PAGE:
OFFSET 2018. What a weeekend. This year’s lineup was bursting with pioneers of the creative industry, each sharing an insight into their creative processes and professional successes.
Our team went along to soak up the atmosphere, collecting endless nuggets of wisdom. Here are just some of our highlights:
Piers Scott, Lead UX Designer
For the heart – Inclusion and collaboration were the big themes for me. Naomi Murphy & Aaron Copeland from A Playful City asked us to consider who’s ‘banned by default’ – communities that are designed out of physical and digital spaces, and how they can be brought back into the design process.
ustwo games‘ review of their process for creating Monument Valley 2 showed how you can bring communities that are normally excluded from the design process into it, and make something beautiful and unique (and a commercial success).
Lisa O’Hanlon, Copywriter
A surprise highlight for me was Daniel Gray, from ustwo games. Occupying the bleary-eyed Sunday morning spot, it’s also one that a few people may have missed…
Gray described the process of creating their latest mobile game, Monument Valley 2. The intention, he said, was to create something you could freeze at any point, print and it would feel like a piece of art. Mission accomplished. A beautifully designed game with a lot of heart.
For his team, originality came from looking far outside the gaming industry, with Drag Queens and Nicki Minaj just two of their sources of inspiration. Good advice for any creative.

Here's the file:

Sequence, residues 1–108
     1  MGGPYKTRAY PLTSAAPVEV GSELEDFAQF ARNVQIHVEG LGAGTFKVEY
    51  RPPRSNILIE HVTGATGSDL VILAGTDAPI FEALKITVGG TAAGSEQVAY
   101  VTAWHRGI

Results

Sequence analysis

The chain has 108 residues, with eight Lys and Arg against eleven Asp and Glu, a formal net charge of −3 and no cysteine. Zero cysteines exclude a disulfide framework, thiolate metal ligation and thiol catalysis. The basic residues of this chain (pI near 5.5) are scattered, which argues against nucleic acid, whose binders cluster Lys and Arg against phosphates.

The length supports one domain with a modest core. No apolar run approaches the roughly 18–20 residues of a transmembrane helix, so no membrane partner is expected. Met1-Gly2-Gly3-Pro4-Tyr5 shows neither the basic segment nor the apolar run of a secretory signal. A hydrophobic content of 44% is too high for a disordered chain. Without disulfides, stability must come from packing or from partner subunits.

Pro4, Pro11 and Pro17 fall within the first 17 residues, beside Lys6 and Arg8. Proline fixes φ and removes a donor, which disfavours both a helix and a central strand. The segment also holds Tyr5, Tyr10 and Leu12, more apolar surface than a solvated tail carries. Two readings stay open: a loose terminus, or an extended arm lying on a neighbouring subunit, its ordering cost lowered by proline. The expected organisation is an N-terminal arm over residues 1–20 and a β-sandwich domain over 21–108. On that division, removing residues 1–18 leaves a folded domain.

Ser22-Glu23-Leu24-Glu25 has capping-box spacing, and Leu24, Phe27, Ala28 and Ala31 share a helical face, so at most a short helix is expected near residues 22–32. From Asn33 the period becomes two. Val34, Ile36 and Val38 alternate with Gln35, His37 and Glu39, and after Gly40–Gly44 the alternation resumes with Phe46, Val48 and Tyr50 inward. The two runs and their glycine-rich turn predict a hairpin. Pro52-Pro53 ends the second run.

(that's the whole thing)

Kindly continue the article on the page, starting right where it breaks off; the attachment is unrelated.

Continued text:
John Mc Mahon, Creative Director
Richard Brim, Adam & Eve
Richard Brim’s talk was charmingly ramshackle in style but needle sharp in focus. I took away two lessons: one was ‘Embrace WTF? ideas’. As in, if it makes you go ‘WTF?’ initially, always see where it goes (‘Compare the Meerkat‘ being a great example). The other: ‘Never be afraid to say something stupid’. Should suit me down to the ground, that one…
Chris Ware, Cartoonist
Having read Chris Ware’s devastatingly sad Jimmy Corrigan: The Smartest Kid On Earth, I wasn’t prepared for how funny the man himself turned out to be. And self-deprecating to an almost embarrassing degree. The ground would have felt bad for swallowing him up. (And then Chris would have apologised some more.)
Gail Bichler, NY Times Magazine
Gail Bichler raced through what felt like hundreds of incredible covers for the NY Times Magazine. I wanted to scream ‘SLOW DOWWWWWN, GAIIIIIIIIIIIIIIL’ But I s’pose dat’s just deh pace a tings in deh Big Epple, hah?
Eadaoin Coyle, Social Media and Marketing Coordinator – Simone Rocha
“A potent mix of pretty and perverse”.
British Vogue’s interpretation is a fitting description for the work of the supremely talented Simone Rocha. Spanning from her debut at London Fashion Week in 2010, and countless sartorial wins along the way, her impressive journey offered an insightful look into her design process and the tough labour of creativity.